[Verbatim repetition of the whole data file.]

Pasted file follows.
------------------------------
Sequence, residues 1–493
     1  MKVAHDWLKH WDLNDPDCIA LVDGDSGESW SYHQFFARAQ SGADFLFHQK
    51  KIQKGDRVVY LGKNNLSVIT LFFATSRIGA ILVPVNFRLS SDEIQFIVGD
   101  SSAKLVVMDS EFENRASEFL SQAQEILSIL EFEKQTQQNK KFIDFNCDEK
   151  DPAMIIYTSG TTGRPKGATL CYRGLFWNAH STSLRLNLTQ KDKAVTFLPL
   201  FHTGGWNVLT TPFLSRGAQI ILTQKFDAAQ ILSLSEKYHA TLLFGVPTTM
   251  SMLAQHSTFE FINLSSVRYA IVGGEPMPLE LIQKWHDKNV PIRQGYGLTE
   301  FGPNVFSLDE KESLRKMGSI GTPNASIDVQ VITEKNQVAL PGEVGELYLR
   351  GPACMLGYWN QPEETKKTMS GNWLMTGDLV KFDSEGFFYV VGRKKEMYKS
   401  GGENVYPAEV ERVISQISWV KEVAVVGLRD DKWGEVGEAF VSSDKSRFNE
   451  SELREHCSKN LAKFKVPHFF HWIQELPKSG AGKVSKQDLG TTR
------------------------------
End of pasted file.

Sequence, residues 1–493
     1  MKVAHDWLKH WDLNDPDCIA LVDGDSGESW SYHQFFARAQ SGADFLFHQK
    51  KIQKGDRVVY LGKNNLSVIT LFFATSRIGA ILVPVNFRLS SDEIQFIVGD
   101  SSAKLVVMDS EFENRASEFL SQAQEILSIL EFEKQTQQNK KFIDFNCDEK
   151  DPAMIIYTSG TTGRPKGATL CYRGLFWNAH STSLRLNLTQ KDKAVTFLPL
   201  FHTGGWNVLT TPFLSRGAQI ILTQKFDAAQ ILSLSEKYHA TLLFGVPTTM
   251  SMLAQHSTFE FINLSSVRYA IVGGEPMPLE LIQKWHDKNV PIRQGYGLTE
   301  FGPNVFSLDE KESLRKMGSI GTPNASIDVQ VITEKNQVAL PGEVGELYLR
   351  GPACMLGYWN QPEETKKTMS GNWLMTGDLV KFDSEGFFYV VGRKKEMYKS
   401  GGENVYPAEV ERVISQISWV KEVAVVGLRD DKWGEVGEAF VSSDKSRFNE
   451  SELREHCSKN LAKFKVPHFF HWIQELPKSG AGKVSKQDLG TTR